Hospitals in Mississippi are not enthusiastic about Gov. Haley Barbours plan to fund shortfalls in the Medicaid program, saying the governor has broken faith with them.
The plan calls for a $370 million reduction in inpatient hospital reimbursement rates while paying hospitals through another pool of Medicaid money, the upper-payment-limit provision. In addition, the state will increase the hospital tax known as the gross revenue assessment from its current 0.45% to 1.08%. The state has to find $90 million to make up its share in Medicaid dollars; increasing the tax will pay for about $88 million of that, with another $2 million generated by cutting some services, according to a news release.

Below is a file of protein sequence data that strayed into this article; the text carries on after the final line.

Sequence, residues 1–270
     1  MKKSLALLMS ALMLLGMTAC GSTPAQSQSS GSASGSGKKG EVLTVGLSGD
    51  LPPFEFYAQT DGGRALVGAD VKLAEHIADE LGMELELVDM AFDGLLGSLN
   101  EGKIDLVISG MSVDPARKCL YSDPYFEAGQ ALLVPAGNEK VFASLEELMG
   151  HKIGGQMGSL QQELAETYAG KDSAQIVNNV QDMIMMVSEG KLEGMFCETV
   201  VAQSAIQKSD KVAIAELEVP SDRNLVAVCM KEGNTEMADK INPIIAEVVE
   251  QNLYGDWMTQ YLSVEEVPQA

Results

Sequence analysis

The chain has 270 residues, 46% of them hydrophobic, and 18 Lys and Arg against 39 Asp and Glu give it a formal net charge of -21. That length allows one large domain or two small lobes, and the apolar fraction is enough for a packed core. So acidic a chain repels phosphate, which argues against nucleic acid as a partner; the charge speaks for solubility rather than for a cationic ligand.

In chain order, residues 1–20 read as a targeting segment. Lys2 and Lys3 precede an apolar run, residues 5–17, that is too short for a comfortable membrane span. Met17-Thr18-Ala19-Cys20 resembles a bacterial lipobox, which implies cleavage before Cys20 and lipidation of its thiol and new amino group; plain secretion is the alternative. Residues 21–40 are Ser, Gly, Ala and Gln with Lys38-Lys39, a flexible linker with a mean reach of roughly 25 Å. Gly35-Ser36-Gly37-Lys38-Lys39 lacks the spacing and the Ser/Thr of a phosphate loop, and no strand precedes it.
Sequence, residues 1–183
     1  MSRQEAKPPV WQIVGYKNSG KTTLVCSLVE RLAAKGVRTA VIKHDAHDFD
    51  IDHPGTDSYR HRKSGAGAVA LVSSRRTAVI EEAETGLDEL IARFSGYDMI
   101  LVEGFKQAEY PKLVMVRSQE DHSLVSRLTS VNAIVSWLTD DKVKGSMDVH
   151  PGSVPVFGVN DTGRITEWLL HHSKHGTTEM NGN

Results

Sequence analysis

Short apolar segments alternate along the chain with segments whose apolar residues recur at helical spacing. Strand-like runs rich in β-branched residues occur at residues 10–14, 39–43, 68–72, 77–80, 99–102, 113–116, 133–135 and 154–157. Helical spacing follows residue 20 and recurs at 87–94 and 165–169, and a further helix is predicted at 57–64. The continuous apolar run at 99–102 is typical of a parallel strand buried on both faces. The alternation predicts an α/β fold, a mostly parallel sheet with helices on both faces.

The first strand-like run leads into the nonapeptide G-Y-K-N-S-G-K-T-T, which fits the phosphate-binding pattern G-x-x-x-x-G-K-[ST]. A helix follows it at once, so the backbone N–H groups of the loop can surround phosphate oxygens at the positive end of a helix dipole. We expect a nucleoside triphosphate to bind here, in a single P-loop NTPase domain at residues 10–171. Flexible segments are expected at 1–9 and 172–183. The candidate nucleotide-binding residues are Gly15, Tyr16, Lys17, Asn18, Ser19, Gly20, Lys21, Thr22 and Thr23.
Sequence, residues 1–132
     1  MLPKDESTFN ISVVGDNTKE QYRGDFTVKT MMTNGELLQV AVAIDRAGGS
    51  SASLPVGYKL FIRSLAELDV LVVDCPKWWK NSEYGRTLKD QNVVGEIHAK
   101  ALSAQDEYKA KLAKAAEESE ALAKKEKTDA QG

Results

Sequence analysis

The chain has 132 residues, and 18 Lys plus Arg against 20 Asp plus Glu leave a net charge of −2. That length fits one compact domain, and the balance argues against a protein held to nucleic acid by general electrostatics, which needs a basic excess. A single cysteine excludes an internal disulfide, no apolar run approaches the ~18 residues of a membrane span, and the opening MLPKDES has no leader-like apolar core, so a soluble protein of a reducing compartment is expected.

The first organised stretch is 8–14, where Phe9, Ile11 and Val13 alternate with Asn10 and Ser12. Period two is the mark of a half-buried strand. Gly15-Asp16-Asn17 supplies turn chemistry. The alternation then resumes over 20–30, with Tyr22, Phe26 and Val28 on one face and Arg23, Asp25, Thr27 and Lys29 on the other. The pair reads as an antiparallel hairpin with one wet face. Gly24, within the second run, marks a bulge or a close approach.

Mississippi expects to implement the plan Sept. 1, pending final approval from the CMS and a mandatory 25-day period in which providers can request a hearing to review the plan, according to a governor spokesman. Barbour and the state Legislature had reached a stalemate on how to cover the Medicaid deficit, but the new plan requires no legislative action, the spokesman said.
But questions remain, according to Sam Cameron, president and chief executive officer of the Mississippi Hospital Association. The governor appears to be trying to shift the burden of funding Medicaid onto hospitals, and it is unclear how individual hospitals will be affected by the upper-payment-limit provision, he said. The hospital association was not involved in any of the discussions for the new plan, he added. At this point we have no faith in anything the governors office says. -- by Jean DerGurahian
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